It’s considered one of the world’s most oldest and valued healing plants that dates back to the ancient Egyptians – but how is Chamomile tea good for you today? In this article, I will explore the brief history, nature and benefits of this popular herb that has earned the nickname “The All-Around Comforter”.
The use of this plant can be traced back to the ancient Egyptians, who favoured it so immensely above all other herbs, that they dedicated it to their gods.
The Anglo-Saxons called Chamomile Maythen and regarded it as one of the nine sacred herbs given to the world by the god Woden.
The Greeks called it chamaimelon meaning ”ground apple” due to its apple-like scent and the Spaniards called it manzanilla meaning “little apple”.
In the past, it gained notoriety as the “Plant’s Physician” meaning if other plants in the garden were looking weak and dreary, they would recover if Chamomile was planted near it!
When walked on, it produces a strong and fragrant scent and for this reason it was used as an aromatic stewing herb during the Middle Ages. Due to its ground-covering ability in creating lawns, the plant inspired a proverb – “Like a Chamomile bed, the more it is trodden, the more it will spread”.
The French treasure this herb as one of their six tisanes (herbal tea) due to its natural healing powers.
The Healing Benefits
Chamomile has been found to contain fairly strong anti-inflammatory properties and is particularly effective in treating stomach and digestive problems such as menstrual cramps and Irritable Bowel Syndrome (IBS).
Externally, it can be applied alone or with other herbs as a compress to relieve pain, swellings, inflammation and neuralgia. Those that suffer from arthritis may find this beneficial as it can reduce the stomach eroding effects of painkillers and other related drugs.
It contains anti-spasmodic properties which means it relaxes the smooth muscles in your body, including the digestive tract and uterus, to help ease a stomach-ache after a meal or help soothe the ‘time of the month’ cramps.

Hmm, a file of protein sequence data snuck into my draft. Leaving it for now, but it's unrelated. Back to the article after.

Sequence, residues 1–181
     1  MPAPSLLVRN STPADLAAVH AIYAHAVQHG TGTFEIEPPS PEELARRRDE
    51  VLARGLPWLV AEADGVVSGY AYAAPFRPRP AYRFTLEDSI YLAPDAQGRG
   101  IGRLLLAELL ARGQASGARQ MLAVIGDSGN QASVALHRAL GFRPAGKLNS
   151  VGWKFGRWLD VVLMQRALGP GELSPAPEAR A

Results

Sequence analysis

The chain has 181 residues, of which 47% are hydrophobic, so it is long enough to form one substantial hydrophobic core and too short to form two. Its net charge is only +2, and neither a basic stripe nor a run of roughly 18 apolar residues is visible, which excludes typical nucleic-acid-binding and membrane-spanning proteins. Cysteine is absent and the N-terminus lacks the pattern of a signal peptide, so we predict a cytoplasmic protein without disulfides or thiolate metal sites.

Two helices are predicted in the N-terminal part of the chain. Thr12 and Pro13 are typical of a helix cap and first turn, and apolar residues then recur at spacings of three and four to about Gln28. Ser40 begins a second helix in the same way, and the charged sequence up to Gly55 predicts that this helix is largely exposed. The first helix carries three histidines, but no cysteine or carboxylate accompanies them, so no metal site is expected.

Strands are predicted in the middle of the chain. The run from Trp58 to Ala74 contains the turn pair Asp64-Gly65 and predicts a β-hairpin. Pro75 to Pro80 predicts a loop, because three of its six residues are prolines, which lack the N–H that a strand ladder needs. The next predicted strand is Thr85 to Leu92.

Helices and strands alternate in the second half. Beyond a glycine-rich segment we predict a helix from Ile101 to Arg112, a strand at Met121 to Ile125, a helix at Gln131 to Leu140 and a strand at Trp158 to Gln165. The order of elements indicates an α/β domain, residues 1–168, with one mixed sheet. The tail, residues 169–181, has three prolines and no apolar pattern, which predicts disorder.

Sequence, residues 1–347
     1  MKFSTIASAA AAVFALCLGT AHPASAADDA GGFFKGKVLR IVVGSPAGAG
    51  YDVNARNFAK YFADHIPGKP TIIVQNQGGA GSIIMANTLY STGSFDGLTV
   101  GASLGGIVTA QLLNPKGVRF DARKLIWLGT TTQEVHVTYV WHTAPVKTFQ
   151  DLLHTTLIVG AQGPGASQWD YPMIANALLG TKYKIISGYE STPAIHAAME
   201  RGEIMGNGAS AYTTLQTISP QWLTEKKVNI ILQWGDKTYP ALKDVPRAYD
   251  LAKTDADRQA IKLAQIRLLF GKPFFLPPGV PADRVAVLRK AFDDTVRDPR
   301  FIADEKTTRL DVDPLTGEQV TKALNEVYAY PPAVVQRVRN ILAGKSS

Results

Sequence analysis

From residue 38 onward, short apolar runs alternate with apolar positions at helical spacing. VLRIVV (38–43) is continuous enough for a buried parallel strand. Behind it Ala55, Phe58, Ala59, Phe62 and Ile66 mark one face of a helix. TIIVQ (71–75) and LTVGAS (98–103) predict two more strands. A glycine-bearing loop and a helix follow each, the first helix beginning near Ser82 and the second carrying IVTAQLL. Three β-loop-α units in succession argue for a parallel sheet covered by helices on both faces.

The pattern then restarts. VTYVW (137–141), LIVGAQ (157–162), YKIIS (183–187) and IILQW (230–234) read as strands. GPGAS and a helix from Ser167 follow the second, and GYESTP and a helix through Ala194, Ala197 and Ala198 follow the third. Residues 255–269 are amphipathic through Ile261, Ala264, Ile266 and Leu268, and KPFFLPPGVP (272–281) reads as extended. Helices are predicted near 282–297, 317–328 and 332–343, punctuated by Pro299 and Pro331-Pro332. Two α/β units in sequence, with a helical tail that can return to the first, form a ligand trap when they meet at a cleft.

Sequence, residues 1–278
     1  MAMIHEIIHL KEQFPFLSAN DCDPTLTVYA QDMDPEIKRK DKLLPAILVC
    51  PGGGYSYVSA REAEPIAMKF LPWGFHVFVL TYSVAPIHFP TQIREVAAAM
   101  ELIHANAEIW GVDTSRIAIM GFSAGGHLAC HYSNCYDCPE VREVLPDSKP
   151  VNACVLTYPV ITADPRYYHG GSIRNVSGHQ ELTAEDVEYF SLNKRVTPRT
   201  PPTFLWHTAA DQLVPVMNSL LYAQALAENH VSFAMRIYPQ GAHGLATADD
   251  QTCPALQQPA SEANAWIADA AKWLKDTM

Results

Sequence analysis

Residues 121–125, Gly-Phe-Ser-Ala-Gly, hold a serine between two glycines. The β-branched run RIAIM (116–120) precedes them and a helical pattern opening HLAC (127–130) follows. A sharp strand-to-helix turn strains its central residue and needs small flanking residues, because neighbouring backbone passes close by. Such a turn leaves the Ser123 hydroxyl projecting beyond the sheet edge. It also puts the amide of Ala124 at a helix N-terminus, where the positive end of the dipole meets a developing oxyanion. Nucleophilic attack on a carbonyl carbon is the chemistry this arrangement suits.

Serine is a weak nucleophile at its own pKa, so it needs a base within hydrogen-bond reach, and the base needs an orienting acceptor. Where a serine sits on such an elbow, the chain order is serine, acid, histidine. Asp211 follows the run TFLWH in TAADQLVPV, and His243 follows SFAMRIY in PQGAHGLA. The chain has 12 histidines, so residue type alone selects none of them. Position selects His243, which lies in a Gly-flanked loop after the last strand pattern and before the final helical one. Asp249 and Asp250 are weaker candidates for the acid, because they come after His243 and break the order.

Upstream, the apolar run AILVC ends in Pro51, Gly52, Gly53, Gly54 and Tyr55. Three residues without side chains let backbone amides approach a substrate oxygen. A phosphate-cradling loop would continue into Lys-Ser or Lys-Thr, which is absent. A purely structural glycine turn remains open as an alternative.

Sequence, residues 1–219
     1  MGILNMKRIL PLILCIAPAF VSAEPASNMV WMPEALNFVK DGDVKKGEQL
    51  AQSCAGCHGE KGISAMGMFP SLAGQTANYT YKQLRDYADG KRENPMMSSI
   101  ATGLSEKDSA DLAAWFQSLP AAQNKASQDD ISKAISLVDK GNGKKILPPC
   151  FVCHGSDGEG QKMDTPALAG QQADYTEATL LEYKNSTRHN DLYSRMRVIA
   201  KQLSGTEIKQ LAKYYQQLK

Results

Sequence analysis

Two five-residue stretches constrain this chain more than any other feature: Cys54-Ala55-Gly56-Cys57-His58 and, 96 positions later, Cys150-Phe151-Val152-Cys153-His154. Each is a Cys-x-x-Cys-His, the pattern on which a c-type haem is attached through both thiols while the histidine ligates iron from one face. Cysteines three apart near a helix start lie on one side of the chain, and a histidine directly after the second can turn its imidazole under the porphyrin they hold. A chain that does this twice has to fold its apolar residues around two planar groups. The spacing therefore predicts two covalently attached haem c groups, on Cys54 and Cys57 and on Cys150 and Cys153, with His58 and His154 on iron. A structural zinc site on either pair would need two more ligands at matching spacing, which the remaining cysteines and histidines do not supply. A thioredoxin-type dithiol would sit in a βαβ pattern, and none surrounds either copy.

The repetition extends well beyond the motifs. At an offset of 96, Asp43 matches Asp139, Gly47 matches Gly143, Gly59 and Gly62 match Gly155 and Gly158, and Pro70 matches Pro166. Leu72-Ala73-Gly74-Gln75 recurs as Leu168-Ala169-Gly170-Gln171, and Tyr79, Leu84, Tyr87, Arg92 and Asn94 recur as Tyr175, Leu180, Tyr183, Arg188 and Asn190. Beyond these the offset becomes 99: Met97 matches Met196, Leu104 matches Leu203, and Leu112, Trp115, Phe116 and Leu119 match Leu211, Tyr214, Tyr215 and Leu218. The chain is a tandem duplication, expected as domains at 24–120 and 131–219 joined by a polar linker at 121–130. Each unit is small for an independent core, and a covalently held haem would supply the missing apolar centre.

It can be used to aid sleep, help combat insomnia and sleep disturbances and anxiety as it is a natural sedative. A chemical found in the plant called apigenin calms the central nervous system and can soothe frayed nerves before bedtime and make it easier to drift off to sleep.
Due to its powerful, yet gentle, soothing and calming effects, it is one of the safest herbs used to soothe irritable babies and restless children and can help with teething pains, hyperactivity, earache and sleep problems.
Historical fact – The plant was used as an effective remedy for treating hysterical and nervous conditions in women, including nightmares!
Chamomile has strong antiseptic properties which makes it invaluable to treat burns, rashes, skin irritations, infections, heal minor wounds and reduce swelling in the form of an ointment.
It can be used as a mouthwash for mouth inflammations, a gargle for sore throats and an eye bath for sore eyes.
Skin & Hair
The plant has been used in cosmetic products such as skin cleansers, creams, lotions and soaps in order to regenerate tissue and to cleanse greasy and sensitive complexions. A regular soak in a bath with it helps to soften your skin and make you love the skin you’re in!
Did I mention that the tea can also be used as a hair rinse to lighten blonde hair? Being dark haired myself, this doesn’t affect me – but all you blondies out there could save yourself a bit of money with your highlights!
It helps to relieve gas and feelings of bloatedness and can aid in preventing diarrhoea and constipation due to its anti-spasmodic properties. A cup of this herbal tea blend after a heavy meal or even a late night curry can help soothe that embarrassing trapped wind!
It seems this age old herb is still a favourite in treating certain ailments that still exists today and has also found a place within the beauty industry. No wonder the ancient Egyptians revered it!
CAUTION: Chamomile is part of the Asteraceae plant family, which includes Ragweed, Asters and Chrysanthemum. If you are allergic to plants from this group, then it’s best to avoid using this.
Do you drink Chamomile tea? Have you used Chamomile tea for any of the health benefits mentioned? Maybe you’ve used Chamomile tea for something else. I’d love to hear your thoughts and comments on this age-old favourite plant. Peace be with you.